Ruralite magazine reaches more than 320,000 homes monthly through 47 zoned editions covering Alaska, Washington, Oregon, Idaho, Nevada, California and Montana. Currents magazine—which is published in January, March, May, July, September and November—covers Arizona and reaches nearly 16,000 additional readers. KIUC Currents, which is published February, April, June, August, October and December, blankets the island of Kauai. Edited for a family-oriented readership, Ruralite and Currents magazines focus on activities and issues affecting Western readers. Regional places and personalities, food, outdoor activities, kids and the undiscovered treasures of the West are presented in each issue.
Ruralite is published 12 times a year; Currents is published six times a year. KIUC Currents is customized specifically for Kauai. Each member-utility receives a custom version of the magazine, enabling them to use the magazine to communicate with their members about important issues and promote programs specific to their utility.
In the early 1950s, managers at rural electric cooperatives in the Northwest faced a dilemma: How could they provide the information their member-owners needed to make sound decisions about their cooperatives, yet do so in a cost-effective manner?
They found the solution in the cooperative spirit: pooling their resources.
In 1954, Oregon co-ops had only about 30,000 members.
Recognizing their numbers were too few for individual magazines, Idaho and Washington co-ops said they would join with Oregon if the publication would serve them, too.
A committee worked five years to launch a publication for rural electric cooperatives in the Northwest, turning to Hank Alderman—a former newspaperman and Bonneville Power Administration employee—for help.
The forerunner of Ruralite magazine, “Northwest Rural Electric News,” was first published in June of 1954. About a dozen electric systems with an estimated 20,000 consumers subscribed to the eight-page tabloid.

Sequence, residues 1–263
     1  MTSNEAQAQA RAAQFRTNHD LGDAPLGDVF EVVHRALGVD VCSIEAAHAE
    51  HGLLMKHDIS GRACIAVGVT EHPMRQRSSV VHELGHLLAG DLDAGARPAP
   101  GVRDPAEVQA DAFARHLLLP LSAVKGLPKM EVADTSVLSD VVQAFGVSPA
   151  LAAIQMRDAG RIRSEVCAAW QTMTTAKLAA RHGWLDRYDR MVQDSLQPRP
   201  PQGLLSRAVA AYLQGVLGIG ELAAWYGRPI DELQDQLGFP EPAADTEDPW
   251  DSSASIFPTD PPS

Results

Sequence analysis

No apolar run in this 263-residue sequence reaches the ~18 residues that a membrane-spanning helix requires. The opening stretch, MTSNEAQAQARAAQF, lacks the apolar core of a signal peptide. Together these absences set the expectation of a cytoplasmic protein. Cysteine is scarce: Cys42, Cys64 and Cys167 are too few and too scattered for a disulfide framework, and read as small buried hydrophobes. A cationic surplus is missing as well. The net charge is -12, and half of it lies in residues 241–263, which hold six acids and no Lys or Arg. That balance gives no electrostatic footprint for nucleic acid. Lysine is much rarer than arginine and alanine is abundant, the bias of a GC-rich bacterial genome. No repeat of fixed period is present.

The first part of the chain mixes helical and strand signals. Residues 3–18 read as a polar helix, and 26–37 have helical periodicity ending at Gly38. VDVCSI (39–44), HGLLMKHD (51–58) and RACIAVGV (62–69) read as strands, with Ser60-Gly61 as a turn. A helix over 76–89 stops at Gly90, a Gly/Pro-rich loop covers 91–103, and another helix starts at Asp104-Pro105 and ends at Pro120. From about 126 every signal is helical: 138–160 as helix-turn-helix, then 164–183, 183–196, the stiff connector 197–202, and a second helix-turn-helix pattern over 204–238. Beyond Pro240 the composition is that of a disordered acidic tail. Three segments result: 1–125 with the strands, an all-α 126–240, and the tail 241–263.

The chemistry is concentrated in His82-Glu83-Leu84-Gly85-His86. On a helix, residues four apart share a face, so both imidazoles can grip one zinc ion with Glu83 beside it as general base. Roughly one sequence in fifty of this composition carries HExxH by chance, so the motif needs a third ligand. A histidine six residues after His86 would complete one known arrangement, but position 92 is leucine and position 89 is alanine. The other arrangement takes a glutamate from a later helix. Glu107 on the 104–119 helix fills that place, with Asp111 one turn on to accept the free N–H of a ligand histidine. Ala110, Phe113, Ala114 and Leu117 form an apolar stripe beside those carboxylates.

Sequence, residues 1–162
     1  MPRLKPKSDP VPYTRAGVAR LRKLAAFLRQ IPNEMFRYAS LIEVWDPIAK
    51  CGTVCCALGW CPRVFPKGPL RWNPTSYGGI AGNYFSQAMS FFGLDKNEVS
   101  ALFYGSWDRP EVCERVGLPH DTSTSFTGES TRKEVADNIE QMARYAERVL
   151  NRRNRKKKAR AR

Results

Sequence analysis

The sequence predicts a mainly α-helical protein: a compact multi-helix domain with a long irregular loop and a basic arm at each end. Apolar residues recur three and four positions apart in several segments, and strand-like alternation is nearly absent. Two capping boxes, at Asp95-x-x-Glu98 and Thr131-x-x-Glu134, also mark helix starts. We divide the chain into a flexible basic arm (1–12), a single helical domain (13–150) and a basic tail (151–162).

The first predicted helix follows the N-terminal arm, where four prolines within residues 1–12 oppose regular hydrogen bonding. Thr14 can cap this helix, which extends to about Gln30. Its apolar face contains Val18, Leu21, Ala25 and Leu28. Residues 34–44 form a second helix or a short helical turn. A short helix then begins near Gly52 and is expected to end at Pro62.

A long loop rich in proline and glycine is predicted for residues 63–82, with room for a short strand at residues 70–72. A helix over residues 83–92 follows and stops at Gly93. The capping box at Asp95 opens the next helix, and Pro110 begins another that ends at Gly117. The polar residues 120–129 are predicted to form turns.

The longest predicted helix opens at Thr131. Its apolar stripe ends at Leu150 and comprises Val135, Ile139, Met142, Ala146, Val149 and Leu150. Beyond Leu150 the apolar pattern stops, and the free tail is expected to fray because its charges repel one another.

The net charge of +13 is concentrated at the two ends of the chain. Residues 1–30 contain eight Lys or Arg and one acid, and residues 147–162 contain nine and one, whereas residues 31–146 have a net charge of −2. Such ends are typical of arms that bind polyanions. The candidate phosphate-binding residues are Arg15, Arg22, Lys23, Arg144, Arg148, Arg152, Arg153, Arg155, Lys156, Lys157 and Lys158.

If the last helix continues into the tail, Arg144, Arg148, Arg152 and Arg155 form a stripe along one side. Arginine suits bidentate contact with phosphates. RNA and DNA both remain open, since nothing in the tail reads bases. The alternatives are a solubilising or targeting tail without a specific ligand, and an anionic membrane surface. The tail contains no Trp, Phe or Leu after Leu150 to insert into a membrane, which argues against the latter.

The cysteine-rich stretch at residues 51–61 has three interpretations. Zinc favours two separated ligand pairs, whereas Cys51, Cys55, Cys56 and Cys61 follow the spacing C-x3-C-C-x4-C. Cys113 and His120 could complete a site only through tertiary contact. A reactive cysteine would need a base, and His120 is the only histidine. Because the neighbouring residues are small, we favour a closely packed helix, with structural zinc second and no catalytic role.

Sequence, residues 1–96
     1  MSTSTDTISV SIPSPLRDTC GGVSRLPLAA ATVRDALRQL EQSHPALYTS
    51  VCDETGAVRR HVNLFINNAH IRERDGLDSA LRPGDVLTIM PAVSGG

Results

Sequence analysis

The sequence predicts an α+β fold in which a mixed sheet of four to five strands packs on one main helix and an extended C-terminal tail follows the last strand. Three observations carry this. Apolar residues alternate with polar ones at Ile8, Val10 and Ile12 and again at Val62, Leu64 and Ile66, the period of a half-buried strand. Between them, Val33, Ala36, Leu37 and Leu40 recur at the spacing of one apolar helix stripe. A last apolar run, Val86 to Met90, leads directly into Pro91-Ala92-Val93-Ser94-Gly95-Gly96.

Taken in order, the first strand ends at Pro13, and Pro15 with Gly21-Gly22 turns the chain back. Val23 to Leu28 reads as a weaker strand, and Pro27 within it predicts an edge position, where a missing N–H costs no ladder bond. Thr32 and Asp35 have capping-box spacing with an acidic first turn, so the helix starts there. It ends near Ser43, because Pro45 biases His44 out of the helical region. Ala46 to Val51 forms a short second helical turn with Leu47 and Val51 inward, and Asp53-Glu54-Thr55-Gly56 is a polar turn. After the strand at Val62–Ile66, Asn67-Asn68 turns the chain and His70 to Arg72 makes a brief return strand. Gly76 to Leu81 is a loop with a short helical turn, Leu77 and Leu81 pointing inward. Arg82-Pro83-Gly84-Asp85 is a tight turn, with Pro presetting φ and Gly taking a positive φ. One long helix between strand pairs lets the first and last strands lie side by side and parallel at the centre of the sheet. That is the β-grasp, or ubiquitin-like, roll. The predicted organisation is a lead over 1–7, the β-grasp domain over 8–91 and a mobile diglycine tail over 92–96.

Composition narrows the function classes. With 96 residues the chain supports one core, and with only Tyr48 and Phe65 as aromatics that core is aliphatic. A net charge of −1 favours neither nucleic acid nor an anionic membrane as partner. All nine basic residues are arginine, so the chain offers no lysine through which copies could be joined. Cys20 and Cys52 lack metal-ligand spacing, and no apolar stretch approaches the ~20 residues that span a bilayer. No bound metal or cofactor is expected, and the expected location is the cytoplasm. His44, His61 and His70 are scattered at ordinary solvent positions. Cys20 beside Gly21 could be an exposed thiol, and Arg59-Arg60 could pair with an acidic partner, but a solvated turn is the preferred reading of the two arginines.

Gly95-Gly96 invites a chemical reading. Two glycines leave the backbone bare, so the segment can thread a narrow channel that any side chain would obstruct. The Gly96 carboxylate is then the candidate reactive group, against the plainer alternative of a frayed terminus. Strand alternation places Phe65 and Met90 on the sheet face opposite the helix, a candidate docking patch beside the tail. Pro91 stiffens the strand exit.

In the first issue, Alderman explained the purpose of the paper “will be to keep you informed of cooperative matters, of the newer and better ways to use your electric power supply, and to enable you to participate more fully as individuals in the universal assumption of responsibility which we all have for keeping our region, our neighbors and ourselves supplied with low-cost electric energy.”
It is the same mission Ruralite magazine serves today.
When the operation broke even the first year, the Oregon association surrendered its ownership of the paper to a new, nonprofit association it helped form: Ruralite Services.
Six months after its birth, the publication became known as “Northwest Ruralite.” In mid-1973, the magazine—then a 32-page publication—became known simply as “Ruralite.”
Once limited to two colors, it now features full-color photography and design.
Utilities in Alaska, California and Nevada joined the Ruralite family. In 1998, the Arizona statewide association and several of its members decided to work with Ruralite Services to produce a satellite publication, Currents magazine.
In late 2011, Ruralite launched Florida Currents magazine to help several Florida electric cooperatives educate and empower residents of the Sunshine State.
Ruralite is designed to be flexible. Each utility can use a cover photo provided by Ruralite, or one of its own choosing. The back page is available for utilities to communicate important messages to their members.
Six inside pages are available for each utility’s use. Some use two of those pages to feature a member with an interesting story, job or hobby. The other four pages may be used to explain special programs the utility is offering, update consumers on local happenings or announce upcoming meetings.
The remaining 24 pages are the same in all editions. In those “common” pages, readers are given information about electrical safety, conservation, and new products or ways of doing things. They also are kept up-to-date on developments in the power industry.
Several articles each month focus on the interesting people, places and events in Ruralite territory. Among the regular features are Side Roads, In the Kitchen, At Home, Rural Mailbox, Marketplace and Parting Shot.
Kauai Island Utility Cooperative in Hawaii also works with Ruralite Services to produce a custom magazine.
By cooperating with one another, utilities have made Ruralite the solution to keeping members informed, connected to their utility and each other, and entertained.